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Ivo Neame
Glimpses Of Truth

by Howard Lawes




Ivo Neame Glimpses Of Truth



In present-day society anyone can use the media, social or otherwise, to influence others and anyone could be persuaded to believe something masquerading as a truth.  This is the so-called post-truth society where just a glimpse of truth might convince enough people to buy a product or vote yes or no in a referendum.  Ivo Neame's new album is his interpretation of this social phenomenon along with some reaction to the Coronavirus pandemic, while the creation of the album itself highlights the inventiveness and resilience of Ivo Neame in particular, but also the music industry in general.




The first track on the album, which was nominated for a prestigious Ivors Composer Award, is called The Rise Of The Lizard People. 'Lizard People' are the illogical creation of conspiracy theorist Davis Icke; half-human, half-alien beings who, he believes, seek world domination. Interviewed by Andrew Neil on the BBC programme This Week (after 4'02"), David Icke said he believed the British royal family are "shape-shifting lizards".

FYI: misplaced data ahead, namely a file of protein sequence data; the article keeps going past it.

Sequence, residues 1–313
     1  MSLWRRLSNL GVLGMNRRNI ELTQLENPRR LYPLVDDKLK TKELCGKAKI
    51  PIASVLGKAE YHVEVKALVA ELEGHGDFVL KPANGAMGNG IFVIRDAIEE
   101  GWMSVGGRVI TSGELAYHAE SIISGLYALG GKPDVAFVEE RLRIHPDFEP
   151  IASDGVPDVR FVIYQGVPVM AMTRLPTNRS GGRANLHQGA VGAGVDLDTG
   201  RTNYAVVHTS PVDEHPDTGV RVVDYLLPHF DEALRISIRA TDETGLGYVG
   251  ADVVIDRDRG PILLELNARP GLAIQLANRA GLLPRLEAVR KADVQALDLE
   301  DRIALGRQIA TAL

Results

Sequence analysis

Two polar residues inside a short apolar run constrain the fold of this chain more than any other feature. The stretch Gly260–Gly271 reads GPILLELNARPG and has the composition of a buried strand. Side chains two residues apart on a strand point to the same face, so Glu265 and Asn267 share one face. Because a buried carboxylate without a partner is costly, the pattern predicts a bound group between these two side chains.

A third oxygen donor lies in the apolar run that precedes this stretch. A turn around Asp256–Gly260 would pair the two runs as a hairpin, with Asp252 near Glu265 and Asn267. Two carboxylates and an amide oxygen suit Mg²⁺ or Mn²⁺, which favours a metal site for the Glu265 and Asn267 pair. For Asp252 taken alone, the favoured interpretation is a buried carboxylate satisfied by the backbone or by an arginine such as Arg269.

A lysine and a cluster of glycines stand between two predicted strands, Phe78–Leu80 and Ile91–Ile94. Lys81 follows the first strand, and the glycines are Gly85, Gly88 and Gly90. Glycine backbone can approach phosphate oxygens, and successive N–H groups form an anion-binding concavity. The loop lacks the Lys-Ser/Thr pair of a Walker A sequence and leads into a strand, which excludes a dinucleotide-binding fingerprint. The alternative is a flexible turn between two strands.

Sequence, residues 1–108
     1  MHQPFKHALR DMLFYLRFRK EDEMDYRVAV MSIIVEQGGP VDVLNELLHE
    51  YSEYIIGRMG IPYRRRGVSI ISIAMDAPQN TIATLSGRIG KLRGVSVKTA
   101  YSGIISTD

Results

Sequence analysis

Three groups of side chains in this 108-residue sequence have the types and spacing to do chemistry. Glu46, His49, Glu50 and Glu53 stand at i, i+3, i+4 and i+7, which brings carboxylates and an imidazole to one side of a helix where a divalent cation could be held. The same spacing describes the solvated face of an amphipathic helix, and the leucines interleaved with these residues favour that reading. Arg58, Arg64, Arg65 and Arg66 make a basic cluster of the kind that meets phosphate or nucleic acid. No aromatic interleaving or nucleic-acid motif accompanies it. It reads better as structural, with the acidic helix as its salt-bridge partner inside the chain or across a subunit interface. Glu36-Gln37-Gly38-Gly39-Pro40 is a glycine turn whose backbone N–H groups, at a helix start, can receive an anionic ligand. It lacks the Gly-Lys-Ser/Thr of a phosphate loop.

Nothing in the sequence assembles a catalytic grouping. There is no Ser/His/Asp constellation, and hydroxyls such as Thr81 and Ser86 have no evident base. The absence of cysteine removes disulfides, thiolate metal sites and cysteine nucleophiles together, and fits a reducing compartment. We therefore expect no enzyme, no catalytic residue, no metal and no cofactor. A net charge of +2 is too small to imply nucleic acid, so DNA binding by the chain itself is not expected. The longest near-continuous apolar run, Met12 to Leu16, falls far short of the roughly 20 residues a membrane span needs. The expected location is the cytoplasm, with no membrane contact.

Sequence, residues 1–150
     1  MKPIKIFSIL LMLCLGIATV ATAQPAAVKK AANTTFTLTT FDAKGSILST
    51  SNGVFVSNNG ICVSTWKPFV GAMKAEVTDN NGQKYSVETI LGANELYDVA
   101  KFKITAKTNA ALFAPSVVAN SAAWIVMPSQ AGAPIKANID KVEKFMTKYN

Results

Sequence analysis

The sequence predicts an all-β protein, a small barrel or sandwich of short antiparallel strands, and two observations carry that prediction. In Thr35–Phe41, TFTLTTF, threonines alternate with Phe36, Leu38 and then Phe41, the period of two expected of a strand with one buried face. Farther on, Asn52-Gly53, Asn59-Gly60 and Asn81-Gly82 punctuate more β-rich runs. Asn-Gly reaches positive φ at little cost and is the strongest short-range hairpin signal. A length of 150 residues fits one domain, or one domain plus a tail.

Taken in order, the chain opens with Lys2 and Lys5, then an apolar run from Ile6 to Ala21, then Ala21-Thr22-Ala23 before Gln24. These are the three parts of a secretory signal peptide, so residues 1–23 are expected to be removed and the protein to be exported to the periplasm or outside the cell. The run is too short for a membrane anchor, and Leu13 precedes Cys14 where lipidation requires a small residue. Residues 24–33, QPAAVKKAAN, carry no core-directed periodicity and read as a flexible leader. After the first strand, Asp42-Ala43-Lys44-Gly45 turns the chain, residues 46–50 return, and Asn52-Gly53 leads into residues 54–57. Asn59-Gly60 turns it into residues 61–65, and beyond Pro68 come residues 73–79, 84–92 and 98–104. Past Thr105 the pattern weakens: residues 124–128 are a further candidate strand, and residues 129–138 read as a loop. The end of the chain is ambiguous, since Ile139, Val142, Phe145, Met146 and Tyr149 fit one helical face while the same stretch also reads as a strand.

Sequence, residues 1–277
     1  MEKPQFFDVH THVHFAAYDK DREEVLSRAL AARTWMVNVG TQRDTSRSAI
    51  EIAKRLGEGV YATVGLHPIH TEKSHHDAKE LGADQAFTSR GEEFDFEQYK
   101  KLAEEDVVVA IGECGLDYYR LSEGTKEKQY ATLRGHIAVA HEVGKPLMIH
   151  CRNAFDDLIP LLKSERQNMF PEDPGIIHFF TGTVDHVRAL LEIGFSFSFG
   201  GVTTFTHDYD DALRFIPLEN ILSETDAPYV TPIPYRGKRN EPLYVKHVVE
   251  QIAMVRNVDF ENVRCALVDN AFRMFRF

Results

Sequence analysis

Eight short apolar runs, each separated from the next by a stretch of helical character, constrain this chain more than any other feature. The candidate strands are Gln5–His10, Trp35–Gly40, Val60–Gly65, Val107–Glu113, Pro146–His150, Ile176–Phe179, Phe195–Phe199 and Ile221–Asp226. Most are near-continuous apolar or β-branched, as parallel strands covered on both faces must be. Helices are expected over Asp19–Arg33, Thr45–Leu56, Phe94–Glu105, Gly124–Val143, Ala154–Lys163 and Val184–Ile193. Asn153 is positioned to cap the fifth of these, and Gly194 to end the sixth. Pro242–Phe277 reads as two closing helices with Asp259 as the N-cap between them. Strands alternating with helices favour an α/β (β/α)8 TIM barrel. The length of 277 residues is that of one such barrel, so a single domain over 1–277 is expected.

The title of the award winning album by Sons of Kemet, Your Queen Is A Reptile, is also a reference to Icke's theory. In the press release for his album, and in reaction to a newspaper headline stating that as many as 12 million Americans believe in the Lizard People theory, Neame says that he "wanted to write a tune that would encourage people to wake up and question their beliefs".  In answer to further questions, he goes on to say: "The title of this tune is tongue-in-cheek - it sounds like a second-rate pulp science fiction book title! The serious message behind it though is that I’m very surprised at the traction some conspiracy theories have these days and how seemingly rational people can end up being sucked in by them."




The next track on Ivo's album is called La Strega, Italian for 'witch', and the message is that people can become bewitched, beguiled or otherwise charmed into doing something.  The track features the trumpet of Ingrid Jensen, but as well as piano, Neame also turns his hand to clarinet and saxophone as can be seen on this video of La Strega: